Light trace is the point right before your soap comes to trace. You will begin to see a trace, but it won’t stay for more than a few seconds. So, the batter is about to hit trace where it will be thick enough to see the soap for a bit longer.

Soap Making Terms: How Long Does It Take for Soap Batter to Get to Trace?

The time is takes to get to trace will vary between batches for a number of reasons. The ingredients in a recipe can lead to different times. Also, fragrance oils and some soap additives can accelerate or slow trace in your batch.

Soap Making Terms: What Does Seize Mean in Soap Making?

If your soap seizes, then it means that your soap has gone through saponification enough that the batter is beginning to turn from liquid to solid. While this isn’t bad on its own, it makes it impossible to pour soap that is still in the bowl. This hardening soap that hasn’t yet made it to the mold will be too thick to mix and, at best, will be chunky in the mold.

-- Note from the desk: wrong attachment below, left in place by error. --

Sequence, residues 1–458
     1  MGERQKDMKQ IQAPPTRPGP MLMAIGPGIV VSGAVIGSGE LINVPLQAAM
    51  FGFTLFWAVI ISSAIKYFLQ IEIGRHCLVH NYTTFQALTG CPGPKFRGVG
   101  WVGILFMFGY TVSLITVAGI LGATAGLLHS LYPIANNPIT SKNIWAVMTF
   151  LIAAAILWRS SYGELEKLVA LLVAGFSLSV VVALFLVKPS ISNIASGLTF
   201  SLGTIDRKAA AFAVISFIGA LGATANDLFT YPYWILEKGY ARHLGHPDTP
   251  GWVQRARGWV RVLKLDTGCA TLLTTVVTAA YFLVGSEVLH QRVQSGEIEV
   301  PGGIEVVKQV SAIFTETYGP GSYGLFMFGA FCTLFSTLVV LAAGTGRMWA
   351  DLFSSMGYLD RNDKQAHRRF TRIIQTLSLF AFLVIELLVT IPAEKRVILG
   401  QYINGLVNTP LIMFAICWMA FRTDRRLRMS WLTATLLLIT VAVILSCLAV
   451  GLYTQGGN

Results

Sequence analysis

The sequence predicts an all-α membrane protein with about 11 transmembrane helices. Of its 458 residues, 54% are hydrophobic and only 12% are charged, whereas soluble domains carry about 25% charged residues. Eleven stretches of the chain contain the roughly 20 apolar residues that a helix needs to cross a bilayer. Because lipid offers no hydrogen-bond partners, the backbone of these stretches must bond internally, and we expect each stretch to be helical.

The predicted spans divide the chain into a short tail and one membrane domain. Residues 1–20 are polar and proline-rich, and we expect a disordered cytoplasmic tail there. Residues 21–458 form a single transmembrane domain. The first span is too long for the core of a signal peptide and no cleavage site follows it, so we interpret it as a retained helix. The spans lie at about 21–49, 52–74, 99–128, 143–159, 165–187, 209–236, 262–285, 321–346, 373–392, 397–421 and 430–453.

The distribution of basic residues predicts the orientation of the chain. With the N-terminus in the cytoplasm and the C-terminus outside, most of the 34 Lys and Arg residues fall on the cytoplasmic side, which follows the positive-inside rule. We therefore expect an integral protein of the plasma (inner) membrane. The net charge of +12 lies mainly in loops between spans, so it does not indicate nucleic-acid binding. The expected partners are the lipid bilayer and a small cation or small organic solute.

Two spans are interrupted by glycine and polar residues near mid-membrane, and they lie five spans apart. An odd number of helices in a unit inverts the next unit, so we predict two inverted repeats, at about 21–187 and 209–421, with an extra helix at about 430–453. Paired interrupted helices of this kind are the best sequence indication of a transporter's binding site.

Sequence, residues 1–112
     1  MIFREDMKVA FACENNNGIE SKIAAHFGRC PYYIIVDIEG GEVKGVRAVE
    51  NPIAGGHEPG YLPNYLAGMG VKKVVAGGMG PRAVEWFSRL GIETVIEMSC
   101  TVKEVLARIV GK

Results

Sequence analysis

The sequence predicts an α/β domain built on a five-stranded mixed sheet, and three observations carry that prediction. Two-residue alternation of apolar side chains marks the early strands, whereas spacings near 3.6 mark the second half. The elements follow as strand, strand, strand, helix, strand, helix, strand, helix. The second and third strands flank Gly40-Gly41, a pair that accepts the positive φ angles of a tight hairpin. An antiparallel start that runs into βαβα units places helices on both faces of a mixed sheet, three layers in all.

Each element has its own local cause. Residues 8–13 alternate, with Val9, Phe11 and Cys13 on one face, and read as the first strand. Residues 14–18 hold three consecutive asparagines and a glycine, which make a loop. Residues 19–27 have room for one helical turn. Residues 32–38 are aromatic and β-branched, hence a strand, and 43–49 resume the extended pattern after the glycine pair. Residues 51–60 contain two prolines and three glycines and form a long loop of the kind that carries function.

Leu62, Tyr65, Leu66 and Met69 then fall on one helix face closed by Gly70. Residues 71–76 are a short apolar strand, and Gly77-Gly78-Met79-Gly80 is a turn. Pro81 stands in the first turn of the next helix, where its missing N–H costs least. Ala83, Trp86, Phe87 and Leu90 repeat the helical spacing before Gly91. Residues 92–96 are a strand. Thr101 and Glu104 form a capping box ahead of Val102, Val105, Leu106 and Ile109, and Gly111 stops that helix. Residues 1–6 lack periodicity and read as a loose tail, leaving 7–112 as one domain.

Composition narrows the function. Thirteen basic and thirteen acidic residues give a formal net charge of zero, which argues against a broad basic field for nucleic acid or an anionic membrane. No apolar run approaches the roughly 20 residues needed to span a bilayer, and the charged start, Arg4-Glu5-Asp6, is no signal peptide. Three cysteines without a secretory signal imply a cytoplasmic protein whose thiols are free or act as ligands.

Soap Making Terms: Why Do I Have Lye Pockets in My Cold Process Soap?

If you use too much lye in your soap recipe, then you can
Lye pockets can form in cold process soap most often when too much lye is used. However, it could also be a recipe that wasn’t properly formulated, an oil was left out, the soap seized, or even when the lye solution was not fully mixed. If the lye was not completely saponified you can always rebatch the soap and hot process the soap adding additional oil. Also, it is possible that it could be used in recipes such as laundry soaps that can utilize soap with a higher pH level.

Soap Making Terms: Can I Change the Soap Making Recipes?